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Owing to the scope and pace of change, society has become increasingly knowledge-based so that higher learning and research now act as essential components of cultural, socio-economic and environmentally sustainable development of individuals, communities and nations. In this environment, it is essential that higher learning and knowledge creation involve effective partnerships among academic and non-academic learning institutions and communities to create and apply learning and knowledge with stakeholders that are managing and creating sustainable development initiatives. Growing concern regarding the importance of the contribution that higher education institutions make to society has aroused increasing debate about their relevance and credibility amid escalating social problems. An underlying premise of community engagement is the understanding that not all knowledge and expertise resides in the academy, and that both expertise and great learning opportunities in teaching and scholarship also reside in non-academic settings.

This conference will explore how LIS educators and researchers can develop curricula, programs, and research activities that enable active partnerships with communities and civil society to manage and create change. How can LIS programs increase opportunities for experiential, service oriented, and community engaged student learning? How can we develop further collaboration between LIS programs and their larger communities (local, regional/ state, national, global) for the mutually beneficial exchange of knowledge and resources in a context of partnership and reciprocity?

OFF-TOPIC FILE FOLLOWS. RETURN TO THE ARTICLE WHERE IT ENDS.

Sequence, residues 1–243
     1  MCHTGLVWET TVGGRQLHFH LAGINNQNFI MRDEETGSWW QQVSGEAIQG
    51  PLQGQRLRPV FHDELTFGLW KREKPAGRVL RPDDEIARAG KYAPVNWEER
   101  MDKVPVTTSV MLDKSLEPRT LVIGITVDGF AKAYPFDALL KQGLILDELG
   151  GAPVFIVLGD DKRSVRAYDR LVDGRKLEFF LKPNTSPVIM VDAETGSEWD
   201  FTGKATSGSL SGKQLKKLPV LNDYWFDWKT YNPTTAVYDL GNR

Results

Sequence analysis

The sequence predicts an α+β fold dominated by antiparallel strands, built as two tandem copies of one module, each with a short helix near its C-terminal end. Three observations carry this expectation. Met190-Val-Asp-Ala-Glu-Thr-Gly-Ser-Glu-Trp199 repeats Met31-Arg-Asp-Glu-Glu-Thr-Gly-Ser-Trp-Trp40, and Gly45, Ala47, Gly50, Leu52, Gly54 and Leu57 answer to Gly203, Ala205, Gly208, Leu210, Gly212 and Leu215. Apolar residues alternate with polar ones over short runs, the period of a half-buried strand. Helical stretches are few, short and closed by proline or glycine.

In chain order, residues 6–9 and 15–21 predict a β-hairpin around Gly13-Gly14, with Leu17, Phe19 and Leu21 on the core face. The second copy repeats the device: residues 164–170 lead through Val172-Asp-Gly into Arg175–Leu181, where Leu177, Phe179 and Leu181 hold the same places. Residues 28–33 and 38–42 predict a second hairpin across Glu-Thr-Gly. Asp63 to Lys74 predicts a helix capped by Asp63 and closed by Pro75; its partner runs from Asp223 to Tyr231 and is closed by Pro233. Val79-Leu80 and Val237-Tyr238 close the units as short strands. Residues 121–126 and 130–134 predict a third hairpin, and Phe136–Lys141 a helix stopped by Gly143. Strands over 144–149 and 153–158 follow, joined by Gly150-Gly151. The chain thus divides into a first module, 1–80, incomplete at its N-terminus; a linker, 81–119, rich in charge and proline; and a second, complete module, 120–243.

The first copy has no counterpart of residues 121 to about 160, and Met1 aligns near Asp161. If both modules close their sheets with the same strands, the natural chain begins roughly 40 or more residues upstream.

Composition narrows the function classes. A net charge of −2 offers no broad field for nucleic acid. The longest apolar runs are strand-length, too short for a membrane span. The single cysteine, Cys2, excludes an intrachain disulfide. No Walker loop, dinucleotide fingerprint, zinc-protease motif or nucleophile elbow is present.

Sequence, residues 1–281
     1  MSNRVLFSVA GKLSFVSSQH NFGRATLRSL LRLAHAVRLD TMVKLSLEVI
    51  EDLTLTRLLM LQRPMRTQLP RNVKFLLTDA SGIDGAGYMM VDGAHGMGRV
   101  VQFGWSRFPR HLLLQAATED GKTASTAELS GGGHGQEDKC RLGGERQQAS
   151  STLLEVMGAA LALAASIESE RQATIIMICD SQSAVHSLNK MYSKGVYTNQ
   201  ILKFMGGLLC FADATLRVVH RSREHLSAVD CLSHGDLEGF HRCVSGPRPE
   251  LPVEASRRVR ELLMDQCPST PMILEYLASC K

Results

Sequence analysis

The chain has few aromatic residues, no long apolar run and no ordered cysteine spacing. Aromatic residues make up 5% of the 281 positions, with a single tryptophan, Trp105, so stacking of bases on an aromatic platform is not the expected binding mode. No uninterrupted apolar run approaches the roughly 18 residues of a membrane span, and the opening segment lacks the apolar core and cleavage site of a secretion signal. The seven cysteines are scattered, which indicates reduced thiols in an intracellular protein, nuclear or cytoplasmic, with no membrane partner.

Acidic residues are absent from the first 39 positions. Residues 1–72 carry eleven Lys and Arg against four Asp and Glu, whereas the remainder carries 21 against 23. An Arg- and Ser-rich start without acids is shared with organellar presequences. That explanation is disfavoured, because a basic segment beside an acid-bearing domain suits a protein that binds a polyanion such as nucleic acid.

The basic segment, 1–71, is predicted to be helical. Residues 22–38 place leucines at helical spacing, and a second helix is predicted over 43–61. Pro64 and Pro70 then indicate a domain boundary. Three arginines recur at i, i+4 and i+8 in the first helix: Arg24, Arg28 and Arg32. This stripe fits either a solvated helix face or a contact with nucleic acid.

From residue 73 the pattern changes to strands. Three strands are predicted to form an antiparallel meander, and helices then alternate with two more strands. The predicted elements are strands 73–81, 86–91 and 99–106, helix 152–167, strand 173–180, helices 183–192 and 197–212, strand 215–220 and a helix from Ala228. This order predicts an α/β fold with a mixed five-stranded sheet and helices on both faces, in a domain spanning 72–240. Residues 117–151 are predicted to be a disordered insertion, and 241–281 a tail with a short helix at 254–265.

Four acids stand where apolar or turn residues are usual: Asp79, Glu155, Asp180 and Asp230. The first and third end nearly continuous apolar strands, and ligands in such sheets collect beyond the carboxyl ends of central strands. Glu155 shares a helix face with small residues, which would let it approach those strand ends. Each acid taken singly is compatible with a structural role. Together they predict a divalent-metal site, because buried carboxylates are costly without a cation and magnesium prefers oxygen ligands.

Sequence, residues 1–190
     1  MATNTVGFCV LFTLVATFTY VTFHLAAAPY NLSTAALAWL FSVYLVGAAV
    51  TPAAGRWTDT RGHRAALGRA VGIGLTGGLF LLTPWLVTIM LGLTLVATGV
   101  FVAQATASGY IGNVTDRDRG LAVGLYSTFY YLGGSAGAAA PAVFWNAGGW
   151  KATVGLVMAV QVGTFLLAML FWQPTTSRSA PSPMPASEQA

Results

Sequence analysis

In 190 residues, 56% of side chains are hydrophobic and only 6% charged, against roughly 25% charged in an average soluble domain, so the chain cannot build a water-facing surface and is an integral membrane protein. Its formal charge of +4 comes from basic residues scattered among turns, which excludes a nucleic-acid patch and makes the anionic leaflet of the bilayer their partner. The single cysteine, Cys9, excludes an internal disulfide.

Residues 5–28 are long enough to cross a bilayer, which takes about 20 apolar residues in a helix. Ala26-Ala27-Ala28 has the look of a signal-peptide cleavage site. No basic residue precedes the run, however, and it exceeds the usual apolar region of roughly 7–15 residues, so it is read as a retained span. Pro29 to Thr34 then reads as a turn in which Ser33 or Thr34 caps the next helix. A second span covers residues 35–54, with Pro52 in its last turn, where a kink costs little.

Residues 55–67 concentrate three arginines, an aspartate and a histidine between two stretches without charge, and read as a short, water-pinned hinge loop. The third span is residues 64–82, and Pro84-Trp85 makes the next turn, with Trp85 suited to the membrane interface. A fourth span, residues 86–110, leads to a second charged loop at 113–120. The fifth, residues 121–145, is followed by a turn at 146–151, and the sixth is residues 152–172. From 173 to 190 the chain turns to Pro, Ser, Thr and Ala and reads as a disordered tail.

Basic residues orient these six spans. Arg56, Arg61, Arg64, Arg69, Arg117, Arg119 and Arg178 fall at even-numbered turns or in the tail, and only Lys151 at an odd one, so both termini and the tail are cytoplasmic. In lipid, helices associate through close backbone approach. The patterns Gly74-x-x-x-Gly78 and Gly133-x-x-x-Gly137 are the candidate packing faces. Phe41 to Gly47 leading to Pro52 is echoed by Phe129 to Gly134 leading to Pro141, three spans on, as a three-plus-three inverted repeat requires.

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avatar for Kristin Eschenfelder

Kristin Eschenfelder

School of Library and Information Studies, University of Wisconsin - Madison
Professor

Kristin R. Eschenfelder (PhD, Syracuse 2000) is a Professor at the School of Library and Information Studies at the University of Wisconsin-Madison. Her research interests focus on access and use regimes – or the complex, multi-level networks of laws, customs, technologies and expectations that shape what information we can access in our daily lives and how we can make of it.  Her recent work examines development of and changes to access and use regimes for digital scholarly works including electronic publications (journals, books, citation databases), digital cultural materials, (such as museum, archival or anthropological works) and data sets. Her past work explored web based government information and policy and management issues inherent in digital production of government information and records.  She has also published in the areas of public libraries and financial literacy.

Her work has been published in venues including The Information Society, First Monday, the Journal of the American Society for Information Science and Technology, College and Research Libraries, the Annual Review of Information Science and Technology, Government Information Quarterly, and Library and Information Science Research.